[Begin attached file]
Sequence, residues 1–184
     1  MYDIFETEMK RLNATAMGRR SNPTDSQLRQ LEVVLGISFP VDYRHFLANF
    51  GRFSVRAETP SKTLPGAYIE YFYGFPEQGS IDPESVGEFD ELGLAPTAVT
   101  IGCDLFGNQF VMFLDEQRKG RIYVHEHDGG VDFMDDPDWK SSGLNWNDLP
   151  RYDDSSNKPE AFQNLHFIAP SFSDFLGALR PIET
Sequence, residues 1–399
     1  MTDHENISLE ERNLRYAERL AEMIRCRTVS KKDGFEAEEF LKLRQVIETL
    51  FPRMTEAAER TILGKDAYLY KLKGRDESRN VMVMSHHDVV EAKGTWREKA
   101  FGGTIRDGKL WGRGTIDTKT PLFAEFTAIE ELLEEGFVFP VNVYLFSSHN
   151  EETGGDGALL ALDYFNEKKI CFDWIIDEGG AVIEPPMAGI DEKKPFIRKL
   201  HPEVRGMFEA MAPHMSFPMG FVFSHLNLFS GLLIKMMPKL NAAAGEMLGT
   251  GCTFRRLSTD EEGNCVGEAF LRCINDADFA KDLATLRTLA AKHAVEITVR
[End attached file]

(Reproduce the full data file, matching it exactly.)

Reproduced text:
Sequence, residues 1–184
     1  MYDIFETEMK RLNATAMGRR SNPTDSQLRQ LEVVLGISFP VDYRHFLANF
    51  GRFSVRAETP SKTLPGAYIE YFYGFPEQGS IDPESVGEFD ELGLAPTAVT
   101  IGCDLFGNQF VMFLDEQRKG RIYVHEHDGG VDFMDDPDWK SSGLNWNDLP
   151  RYDDSSNKPE AFQNLHFIAP SFSDFLGALR PIET
Sequence, residues 1–399
     1  MTDHENISLE ERNLRYAERL AEMIRCRTVS KKDGFEAEEF LKLRQVIETL
    51  FPRMTEAAER TILGKDAYLY KLKGRDESRN VMVMSHHDVV EAKGTWREKA
   101  FGGTIRDGKL WGRGTIDTKT PLFAEFTAIE ELLEEGFVFP VNVYLFSSHN
   151  EETGGDGALL ALDYFNEKKI CFDWIIDEGG AVIEPPMAGI DEKKPFIRKL
   201  HPEVRGMFEA MAPHMSFPMG FVFSHLNLFS GLLIKMMPKL NAAAGEMLGT
   251  GCTFRRLSTD EEGNCVGEAF LRCINDADFA KDLATLRTLA AKHAVEITVR